Save Energy At Home
Much of our residential energy, about half (49%), is used to heat and cool our homes. An additional 13 percent goes for heating water, the second-largest individual home energy user and expense. Lighting uses 10 percent of our energy. Most refrigerators use 5 percent, while home electronics use 7%. The remaining 16 percent goes into cooking, washing and drying clothes and running other appliances.
We can cut our energy use and help control living costs by making our homes energy efficient, even if we have to spend some money to do it. The money we spend now can help hold down energy costs.
Caution: Some older people may require higher indoor temperatures -- above 65 F at all times -- to avoid accidental hypothermia, a potentially fatal drop in body temperature. People with circulatory problems or those taking certain types of medications (e.g., phenothiazines, commonly used to treat anxiety and nausea) may also be vulnerable. In such instances, follow a physician's counsel on both winter and summer thermostat settings in your home.
Here are 40 things you can do to conserve electricity.
- Turning down the thermostat 6 degrees can save up to 20 percent of your heating bill.
- Moving furniture away from warm air registers gives a more even room temperature.
- Open drapes on sunny days t allow warmth from the sun and close them at sundown.
- Use lined or insulated drapes on windows.
- Turn off the lights when not in use.
- Keep light bulb and fixtures clean.
- Use one 100-watt bulb instead of two 60-watt bulbs.
- Use florescent fixtures when possible.
- Keep water heater temperature at the lowest recommended setting (120-140 degrees).
- Correct leaking faucets.
- Use cold water whenever possible.
- Don't leave faucets running.
- Turn off electric ranges immediately after use.
- Use flat bottom utensils which cover the entire element.
- Use steamer or pressure cooker when possible for faster cooking. Consider purchasing an energy efficient convection oven.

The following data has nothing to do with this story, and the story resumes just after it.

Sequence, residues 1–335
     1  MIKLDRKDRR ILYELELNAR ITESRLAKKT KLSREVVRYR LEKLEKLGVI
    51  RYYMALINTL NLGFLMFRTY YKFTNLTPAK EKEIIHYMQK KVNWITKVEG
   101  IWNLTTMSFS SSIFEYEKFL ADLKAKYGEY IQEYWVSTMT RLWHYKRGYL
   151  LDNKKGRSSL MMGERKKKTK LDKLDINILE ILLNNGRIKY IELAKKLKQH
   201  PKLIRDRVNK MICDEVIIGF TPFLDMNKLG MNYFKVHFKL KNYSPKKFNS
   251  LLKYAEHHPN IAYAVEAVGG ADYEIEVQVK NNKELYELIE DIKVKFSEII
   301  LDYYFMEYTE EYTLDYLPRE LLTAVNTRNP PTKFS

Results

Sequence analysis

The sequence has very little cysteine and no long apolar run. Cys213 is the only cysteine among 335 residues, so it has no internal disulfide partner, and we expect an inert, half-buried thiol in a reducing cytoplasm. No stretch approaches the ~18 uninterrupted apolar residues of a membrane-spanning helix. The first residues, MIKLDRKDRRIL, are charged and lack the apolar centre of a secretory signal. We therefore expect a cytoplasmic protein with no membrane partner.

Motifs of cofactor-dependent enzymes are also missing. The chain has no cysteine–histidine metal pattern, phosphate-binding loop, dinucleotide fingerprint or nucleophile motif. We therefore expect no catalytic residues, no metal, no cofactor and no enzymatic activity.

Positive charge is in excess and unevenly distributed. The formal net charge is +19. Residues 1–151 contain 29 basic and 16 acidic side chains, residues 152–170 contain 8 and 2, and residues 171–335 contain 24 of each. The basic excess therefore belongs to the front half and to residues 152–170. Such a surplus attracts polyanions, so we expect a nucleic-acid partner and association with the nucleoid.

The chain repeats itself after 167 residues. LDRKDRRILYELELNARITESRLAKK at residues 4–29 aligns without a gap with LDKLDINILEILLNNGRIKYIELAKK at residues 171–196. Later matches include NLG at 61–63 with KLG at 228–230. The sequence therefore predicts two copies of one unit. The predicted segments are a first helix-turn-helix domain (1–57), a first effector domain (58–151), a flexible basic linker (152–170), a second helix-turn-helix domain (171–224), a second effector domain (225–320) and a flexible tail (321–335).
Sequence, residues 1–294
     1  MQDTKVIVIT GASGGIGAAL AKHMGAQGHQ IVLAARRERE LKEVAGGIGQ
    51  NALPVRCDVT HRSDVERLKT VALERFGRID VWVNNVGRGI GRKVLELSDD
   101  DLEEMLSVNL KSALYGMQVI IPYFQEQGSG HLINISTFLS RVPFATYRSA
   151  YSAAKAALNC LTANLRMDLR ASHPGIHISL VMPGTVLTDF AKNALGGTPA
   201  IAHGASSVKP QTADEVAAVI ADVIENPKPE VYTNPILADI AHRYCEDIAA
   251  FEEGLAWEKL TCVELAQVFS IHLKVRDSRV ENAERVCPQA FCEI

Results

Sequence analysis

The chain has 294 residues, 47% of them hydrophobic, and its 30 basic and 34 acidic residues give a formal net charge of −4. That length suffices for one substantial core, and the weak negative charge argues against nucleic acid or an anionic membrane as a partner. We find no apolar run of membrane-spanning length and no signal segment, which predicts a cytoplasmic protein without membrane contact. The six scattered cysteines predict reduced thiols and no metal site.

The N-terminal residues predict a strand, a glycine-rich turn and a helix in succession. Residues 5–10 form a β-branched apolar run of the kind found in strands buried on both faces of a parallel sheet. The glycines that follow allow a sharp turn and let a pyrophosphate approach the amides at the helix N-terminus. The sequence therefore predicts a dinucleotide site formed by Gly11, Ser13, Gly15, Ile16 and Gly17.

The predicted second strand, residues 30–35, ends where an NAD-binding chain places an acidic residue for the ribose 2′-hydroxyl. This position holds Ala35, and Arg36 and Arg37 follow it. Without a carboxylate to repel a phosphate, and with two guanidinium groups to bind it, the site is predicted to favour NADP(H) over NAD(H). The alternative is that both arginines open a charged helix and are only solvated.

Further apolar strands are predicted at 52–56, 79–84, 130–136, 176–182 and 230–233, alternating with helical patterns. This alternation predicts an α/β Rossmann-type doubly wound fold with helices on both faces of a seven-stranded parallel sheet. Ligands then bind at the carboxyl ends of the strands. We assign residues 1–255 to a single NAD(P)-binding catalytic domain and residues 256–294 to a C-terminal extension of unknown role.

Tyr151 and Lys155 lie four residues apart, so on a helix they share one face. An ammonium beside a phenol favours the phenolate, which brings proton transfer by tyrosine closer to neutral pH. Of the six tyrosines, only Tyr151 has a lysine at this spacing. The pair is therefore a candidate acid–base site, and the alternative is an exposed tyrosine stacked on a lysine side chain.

- Don't open the oven door unnecessarily.
- Thaw frozen food ahead of time.
- Use the self cleaning feature of your oven while the oven is still warm.
- Use high heat only to start the cooking process.
- Buy manual defrost refrigerators when possible rather than self-defrosting.
- Defrost refrigerator when frost is one quarter inch thick.
- Vacuum cooling coils beneath refrigerator at least every month.
- Check gaskets occasionally on both refrigerators and freezers.
- Do not open refrigerator or freezer any more than necessary.
- If buying a freezer, select a chest type, ENERGY STAR rated.
- Place foods to be refrigerated or frozen in small, shallow containers, 3 inches tall or less, and cover them completely.
- Buy multi-door units on refrigerators.
- Use dishwashers for full loads only.
- Stop the dishwasher before the dry cycle begins and air dry the dishes (modern dishwashers should have an energy saving cool dry).
- Select a clothes washer large enough to handle big loads.
- Use cold water to wash most clothes in.
- Use the soak cycle on heavily soiled clothes to prevent double washings.
- Clean lint filters on clothes washer and clothes dryer often.
- Place your clothes dryer where it gets plenty of ventilation (non-humid air).
- Dry rugs and/or clothes outside whenever possible.
- Be sure and vent your dryer when possible to the outside air.
- Hang clothes immediately to prevent ironing.
- Do ironing all at once to avoid heating the iron several times.
- Match temperature setting to fabric.
- Unplug all appliances or drop cords that are seldom used.
Suddenly Spiking Bills?
If you are experiencing a sudden increase in your bill, this may be sign of a problem. Please check out our "Why is my electric bill so high?" guide for more information.